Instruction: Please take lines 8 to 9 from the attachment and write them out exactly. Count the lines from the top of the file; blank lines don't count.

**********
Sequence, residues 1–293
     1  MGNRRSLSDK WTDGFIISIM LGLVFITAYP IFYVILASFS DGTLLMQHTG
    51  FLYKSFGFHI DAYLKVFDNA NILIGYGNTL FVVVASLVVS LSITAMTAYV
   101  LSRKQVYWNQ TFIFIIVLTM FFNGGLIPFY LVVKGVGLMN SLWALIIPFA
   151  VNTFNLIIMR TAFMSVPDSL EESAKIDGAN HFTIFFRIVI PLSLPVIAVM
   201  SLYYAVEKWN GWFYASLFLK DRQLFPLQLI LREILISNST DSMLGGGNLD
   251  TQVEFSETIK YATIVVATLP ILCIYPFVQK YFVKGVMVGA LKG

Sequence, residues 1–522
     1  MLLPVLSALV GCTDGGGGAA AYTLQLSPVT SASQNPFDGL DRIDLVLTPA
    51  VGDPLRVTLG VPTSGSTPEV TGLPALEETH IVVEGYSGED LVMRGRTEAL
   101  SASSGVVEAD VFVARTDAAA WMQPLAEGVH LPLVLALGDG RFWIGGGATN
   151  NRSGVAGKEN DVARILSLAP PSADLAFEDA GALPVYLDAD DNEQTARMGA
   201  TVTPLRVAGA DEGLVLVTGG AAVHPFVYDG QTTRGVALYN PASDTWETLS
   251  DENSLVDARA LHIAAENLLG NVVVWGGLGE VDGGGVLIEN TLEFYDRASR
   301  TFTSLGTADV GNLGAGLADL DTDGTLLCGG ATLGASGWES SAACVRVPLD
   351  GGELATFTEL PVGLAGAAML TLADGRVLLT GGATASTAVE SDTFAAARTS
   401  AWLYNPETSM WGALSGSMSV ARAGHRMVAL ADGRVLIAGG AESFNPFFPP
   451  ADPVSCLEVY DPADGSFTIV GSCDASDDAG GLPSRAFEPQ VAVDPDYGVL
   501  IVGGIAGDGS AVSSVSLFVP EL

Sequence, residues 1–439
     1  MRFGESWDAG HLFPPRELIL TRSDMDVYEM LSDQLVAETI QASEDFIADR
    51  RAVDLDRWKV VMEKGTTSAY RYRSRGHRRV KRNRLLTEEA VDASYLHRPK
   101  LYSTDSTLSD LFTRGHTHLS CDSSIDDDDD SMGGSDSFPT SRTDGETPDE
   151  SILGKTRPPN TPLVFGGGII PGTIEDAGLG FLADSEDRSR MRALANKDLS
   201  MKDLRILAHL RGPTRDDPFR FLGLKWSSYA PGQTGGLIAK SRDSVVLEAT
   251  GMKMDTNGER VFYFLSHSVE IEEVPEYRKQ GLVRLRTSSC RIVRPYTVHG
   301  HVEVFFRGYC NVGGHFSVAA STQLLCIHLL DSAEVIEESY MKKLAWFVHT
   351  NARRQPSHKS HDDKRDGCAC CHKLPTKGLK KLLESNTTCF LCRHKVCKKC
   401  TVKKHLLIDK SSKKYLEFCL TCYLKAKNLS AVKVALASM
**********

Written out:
Sequence, residues 1–522
     1  MLLPVLSALV GCTDGGGGAA AYTLQLSPVT SASQNPFDGL DRIDLVLTPA